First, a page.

The Church at work

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Good evening everyone. So how has your week been? I expect most of us will have been occupied with that thing we call “work” whether paid or unpaid and which looks very different for us all. Some of us will have been busy in the home. Some busy with our studies. Some of us employed. Here’s my question: What is it about how you have done what you’ve done, this past week, that shows you love Jesus? As you have gone about your business in the hospital; As you have done your work at school or university – student, teacher or lecturer; As you have sat, socially distanced in the office or interacted via zoom or teams: As you’ve been working hard in the home; As you’ve done your shopping or communicated with friends; What is it about how you have done what you’ve done that shows you love Jesus?

Our passage tonight speaks directly to this question. Yes, the primary focus is the relationship between slaves and masters, or in our context employees and employers, but nevertheless the passage is applicable to everyone – as we are all people either ‘in authority’ or ‘under authority’ or like both – a bit like the Roman centurion that Jesus encountered! If you haven’t done so already, now would be a good time to grab your Bible and turn back to Ephesians 6. That’s where we’re going to spend some time tonight. And as you do that, let me pray:


Father, we thank you for your word. Help us to hear what you are saying to each one of us tonight. And show us how we need to change to live more faithfully for you. In Jesus’ Amen.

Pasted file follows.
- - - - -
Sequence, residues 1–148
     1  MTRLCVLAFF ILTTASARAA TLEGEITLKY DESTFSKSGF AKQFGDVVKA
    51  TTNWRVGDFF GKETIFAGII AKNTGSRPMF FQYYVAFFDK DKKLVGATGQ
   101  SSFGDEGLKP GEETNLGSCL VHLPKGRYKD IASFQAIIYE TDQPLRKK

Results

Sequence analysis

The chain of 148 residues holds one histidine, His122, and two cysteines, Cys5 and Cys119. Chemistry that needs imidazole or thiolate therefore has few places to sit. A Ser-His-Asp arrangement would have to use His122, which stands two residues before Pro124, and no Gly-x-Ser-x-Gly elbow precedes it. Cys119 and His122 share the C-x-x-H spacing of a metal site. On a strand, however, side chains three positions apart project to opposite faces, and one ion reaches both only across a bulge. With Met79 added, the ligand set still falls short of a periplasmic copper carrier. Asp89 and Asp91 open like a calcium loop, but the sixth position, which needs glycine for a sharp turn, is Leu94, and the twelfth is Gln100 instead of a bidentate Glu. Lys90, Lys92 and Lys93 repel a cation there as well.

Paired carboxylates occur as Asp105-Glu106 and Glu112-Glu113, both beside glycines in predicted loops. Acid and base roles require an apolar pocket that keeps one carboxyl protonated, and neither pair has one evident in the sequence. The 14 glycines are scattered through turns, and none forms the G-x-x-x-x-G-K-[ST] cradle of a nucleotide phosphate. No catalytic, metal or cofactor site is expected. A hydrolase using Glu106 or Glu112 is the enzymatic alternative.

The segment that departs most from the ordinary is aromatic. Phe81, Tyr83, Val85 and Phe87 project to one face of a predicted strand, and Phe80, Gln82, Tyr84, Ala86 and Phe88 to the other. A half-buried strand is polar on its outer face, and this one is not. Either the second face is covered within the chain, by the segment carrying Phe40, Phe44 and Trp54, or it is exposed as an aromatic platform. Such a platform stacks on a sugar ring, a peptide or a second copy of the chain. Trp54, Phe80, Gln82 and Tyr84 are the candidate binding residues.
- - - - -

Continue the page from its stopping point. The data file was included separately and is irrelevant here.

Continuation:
What I want you to imagine first though is being one of the original hearers of Paul’s letter. You’ve not long been a Christian and there you are gathered together with other believers in hot and dusty Ephesus – someone is reading a letter from Paul and you hear him address women and men, children and adults, and now you hear, Ephesians 6.5:

Slaves, obey your earthly masters

And Ephesians 6.7:

Masters…stop your threatening.

And you pause/zone out for a moment and look around at the gathered church. And you begin realise just how powerful a statement the visible church is. In a first-century society that devalues and, to some extent dehumanises, certain groups – you realise afresh just how revolutionary and counter-cultural the church of Jesus Christ is. “You are all one in Him!” This is unprecedented, not only are those with a lower social status included, but you realise that Paul actually addresses them first – women before men, children before adults and slaves before masters. Welcome to the all-inclusive church of Jesus Christ! A community where identity is not determined by your position in society, but by the fact that we have been forgiven and rescued by Jesus! It is truly wonderful!